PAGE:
Norfolk, whose public schools have been embroiled for years in a bitter legal struggle over busing, may be on the way to ending both the fighting and the bitterness.

If it happens, it will be because the city's political leadership seems to have reached a series of impasse-breaking conclusions: that those who take opposing sides on the question of busing are not necessarily enemies; that whites who favor neighborhood schools are not necessarily bigots; and that blacks who insist on integration are not necessarily incapable of compromise.

The Rev. Wesley Hardy might not put it quite that way. He is, after all, the lone school board member to hold out against a controversial court-approved plan to return elementary pupils to neighborhood schools. But he is also the author of the compromise put before the board last Thursday, the day the board was to vote on implementing the neighborhood plan for next fall.

Under Hardy's nine-point proposal, all sixth graders would move from elementary schools to middle schools, thus increasing the number of children attending integrated schools. (Students in middle and high schools would continue to be bused under both the court-approved plan and the Hardy compromise). He would reduce from 10 to eight the number of overwhelmingly black elementary schools and substantially reduce teacher- pupil ratios at schools in low-income neighborhoods. And he would establish an oversight committee to monitor resources and programs at black elementary schools.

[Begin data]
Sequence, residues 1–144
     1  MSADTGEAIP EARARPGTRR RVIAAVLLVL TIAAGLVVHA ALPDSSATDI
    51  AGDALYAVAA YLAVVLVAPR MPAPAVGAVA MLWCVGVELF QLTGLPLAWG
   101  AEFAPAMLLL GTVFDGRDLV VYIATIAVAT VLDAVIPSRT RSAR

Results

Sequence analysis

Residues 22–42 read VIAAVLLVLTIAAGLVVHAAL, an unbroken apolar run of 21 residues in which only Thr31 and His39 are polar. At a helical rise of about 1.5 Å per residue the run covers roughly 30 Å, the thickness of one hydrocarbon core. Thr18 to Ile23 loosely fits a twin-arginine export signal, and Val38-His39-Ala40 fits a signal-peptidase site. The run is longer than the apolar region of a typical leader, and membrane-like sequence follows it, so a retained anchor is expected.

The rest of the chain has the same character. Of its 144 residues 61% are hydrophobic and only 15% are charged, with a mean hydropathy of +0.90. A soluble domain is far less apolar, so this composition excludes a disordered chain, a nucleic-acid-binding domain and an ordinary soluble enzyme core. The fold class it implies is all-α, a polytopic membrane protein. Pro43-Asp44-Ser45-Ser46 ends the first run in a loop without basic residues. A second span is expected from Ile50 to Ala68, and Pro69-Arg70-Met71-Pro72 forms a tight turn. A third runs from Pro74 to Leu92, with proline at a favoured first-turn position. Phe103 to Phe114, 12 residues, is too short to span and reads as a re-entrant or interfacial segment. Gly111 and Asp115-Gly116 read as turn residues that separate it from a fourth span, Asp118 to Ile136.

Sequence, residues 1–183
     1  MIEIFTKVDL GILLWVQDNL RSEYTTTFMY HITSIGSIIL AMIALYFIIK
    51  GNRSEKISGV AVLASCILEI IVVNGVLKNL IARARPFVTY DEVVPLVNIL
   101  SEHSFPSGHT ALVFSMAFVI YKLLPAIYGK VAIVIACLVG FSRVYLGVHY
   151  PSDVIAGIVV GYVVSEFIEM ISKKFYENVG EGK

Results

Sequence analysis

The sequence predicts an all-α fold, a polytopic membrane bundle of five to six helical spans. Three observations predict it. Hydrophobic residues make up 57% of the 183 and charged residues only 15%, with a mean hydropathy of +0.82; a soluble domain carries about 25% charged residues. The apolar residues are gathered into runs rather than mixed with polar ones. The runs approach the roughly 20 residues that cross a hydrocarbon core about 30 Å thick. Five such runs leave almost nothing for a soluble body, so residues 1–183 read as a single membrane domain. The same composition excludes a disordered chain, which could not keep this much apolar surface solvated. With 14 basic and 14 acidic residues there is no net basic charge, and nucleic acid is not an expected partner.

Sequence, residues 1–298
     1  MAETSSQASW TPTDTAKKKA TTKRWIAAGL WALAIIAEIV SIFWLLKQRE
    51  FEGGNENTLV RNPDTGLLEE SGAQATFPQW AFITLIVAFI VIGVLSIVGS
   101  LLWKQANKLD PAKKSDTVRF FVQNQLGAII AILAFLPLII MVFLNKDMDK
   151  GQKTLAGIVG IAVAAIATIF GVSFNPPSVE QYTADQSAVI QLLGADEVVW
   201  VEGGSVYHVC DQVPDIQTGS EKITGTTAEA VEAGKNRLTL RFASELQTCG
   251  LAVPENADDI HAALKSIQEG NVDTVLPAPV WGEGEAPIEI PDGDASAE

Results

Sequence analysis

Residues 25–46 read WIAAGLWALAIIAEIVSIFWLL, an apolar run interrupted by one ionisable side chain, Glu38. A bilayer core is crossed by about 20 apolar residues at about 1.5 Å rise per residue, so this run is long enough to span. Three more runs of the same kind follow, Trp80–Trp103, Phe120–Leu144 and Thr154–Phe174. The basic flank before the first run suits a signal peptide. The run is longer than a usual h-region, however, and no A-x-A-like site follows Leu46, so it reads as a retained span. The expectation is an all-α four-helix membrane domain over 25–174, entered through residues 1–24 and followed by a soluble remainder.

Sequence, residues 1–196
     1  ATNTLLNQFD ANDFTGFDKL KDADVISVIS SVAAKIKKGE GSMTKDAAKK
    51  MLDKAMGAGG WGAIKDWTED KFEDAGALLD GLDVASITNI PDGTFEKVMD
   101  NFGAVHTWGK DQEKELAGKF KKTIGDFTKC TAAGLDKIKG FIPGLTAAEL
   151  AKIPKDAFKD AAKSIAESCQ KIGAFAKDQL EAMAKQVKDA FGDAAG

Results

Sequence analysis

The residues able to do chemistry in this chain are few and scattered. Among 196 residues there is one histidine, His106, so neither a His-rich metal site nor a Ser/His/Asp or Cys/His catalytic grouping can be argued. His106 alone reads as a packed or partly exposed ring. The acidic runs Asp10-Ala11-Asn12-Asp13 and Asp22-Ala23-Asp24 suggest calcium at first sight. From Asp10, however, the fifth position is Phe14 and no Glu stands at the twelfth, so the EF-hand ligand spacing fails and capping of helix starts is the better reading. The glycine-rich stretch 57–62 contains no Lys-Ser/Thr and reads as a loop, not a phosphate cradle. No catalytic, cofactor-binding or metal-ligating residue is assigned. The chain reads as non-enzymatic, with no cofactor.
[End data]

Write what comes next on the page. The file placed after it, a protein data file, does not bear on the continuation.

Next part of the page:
The proposal makes sense on racial, political and educational grounds. It retains a substantial degree of integration without involving elementary youngsters in cross-town busing. It recognizes that blacks in Norfolk now have sufficient political clout to enforce fairness and speaks to what is (or should be) everybody's No. 1 concern: better education for those who need it most desperately.

As under the earlier plan, the Hardy compromise would allow any parent to transfer a child from a school in which his race is a majority into any school in which he would be in the minority. But he also proposes that if there are large numbers of transfers from either of two schools serving major public-housing developments, the schools would be closed and their students sent to integrated schools.

The wonder is that it took so long for somebody to come up with something approximating what Hardy proposed last week. The city seems to be largely free of both hard-core segregationists and busing fanatics. Those whites most adamantly opposed to busing insist that black children should not be shunted aside. Those blacks most committed to desegregation are principally interested in improving educational opportunity for black children.

But both in the courts and in the political trenches, the opposing sides had allowed their differences to degenerate into open warfare, with each side viewing the other as an enemy to be routed.

Hardy, with the support of the city's most influential black leaders and, apparently, a significant number of whites, has shifted the focus from points of opposition to points of mutual interest.

Not that the fighting is over. One day after the Hardy compromise was introduced, a federal appeals court denied a full court review of a three-judge panel's decision upholding the plan to end cross- town busing. Henry L. Marsh III of Richmond, the civil rights lawyer who brought the case against the school board, said immediately that he would appeal to the Supreme Court.

That may or may not be a good idea. From here, the Hardy compromise looks like something both sides could live with.